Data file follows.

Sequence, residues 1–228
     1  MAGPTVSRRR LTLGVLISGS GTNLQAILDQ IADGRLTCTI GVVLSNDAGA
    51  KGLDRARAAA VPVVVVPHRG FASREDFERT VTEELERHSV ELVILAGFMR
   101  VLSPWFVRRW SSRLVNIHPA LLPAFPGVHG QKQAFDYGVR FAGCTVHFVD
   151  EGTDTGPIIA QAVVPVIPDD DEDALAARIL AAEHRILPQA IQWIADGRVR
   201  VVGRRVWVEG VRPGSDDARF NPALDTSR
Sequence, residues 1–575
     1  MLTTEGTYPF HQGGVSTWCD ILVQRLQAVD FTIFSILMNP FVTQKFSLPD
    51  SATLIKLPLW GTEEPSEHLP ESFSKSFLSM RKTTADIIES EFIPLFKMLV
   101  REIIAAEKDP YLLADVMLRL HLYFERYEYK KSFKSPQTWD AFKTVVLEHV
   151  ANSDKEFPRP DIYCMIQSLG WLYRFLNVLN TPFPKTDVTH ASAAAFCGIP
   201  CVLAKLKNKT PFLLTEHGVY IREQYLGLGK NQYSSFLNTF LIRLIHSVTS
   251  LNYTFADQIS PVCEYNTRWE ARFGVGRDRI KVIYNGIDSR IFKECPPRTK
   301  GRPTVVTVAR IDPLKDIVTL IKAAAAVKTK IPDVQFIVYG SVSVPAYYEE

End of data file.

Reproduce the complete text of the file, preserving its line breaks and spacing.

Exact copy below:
Sequence, residues 1–228
     1  MAGPTVSRRR LTLGVLISGS GTNLQAILDQ IADGRLTCTI GVVLSNDAGA
    51  KGLDRARAAA VPVVVVPHRG FASREDFERT VTEELERHSV ELVILAGFMR
   101  VLSPWFVRRW SSRLVNIHPA LLPAFPGVHG QKQAFDYGVR FAGCTVHFVD
   151  EGTDTGPIIA QAVVPVIPDD DEDALAARIL AAEHRILPQA IQWIADGRVR
   201  VVGRRVWVEG VRPGSDDARF NPALDTSR
Sequence, residues 1–575
     1  MLTTEGTYPF HQGGVSTWCD ILVQRLQAVD FTIFSILMNP FVTQKFSLPD
    51  SATLIKLPLW GTEEPSEHLP ESFSKSFLSM RKTTADIIES EFIPLFKMLV
   101  REIIAAEKDP YLLADVMLRL HLYFERYEYK KSFKSPQTWD AFKTVVLEHV
   151  ANSDKEFPRP DIYCMIQSLG WLYRFLNVLN TPFPKTDVTH ASAAAFCGIP
   201  CVLAKLKNKT PFLLTEHGVY IREQYLGLGK NQYSSFLNTF LIRLIHSVTS
   251  LNYTFADQIS PVCEYNTRWE ARFGVGRDRI KVIYNGIDSR IFKECPPRTK
   301  GRPTVVTVAR IDPLKDIVTL IKAAAAVKTK IPDVQFIVYG SVSVPAYYEE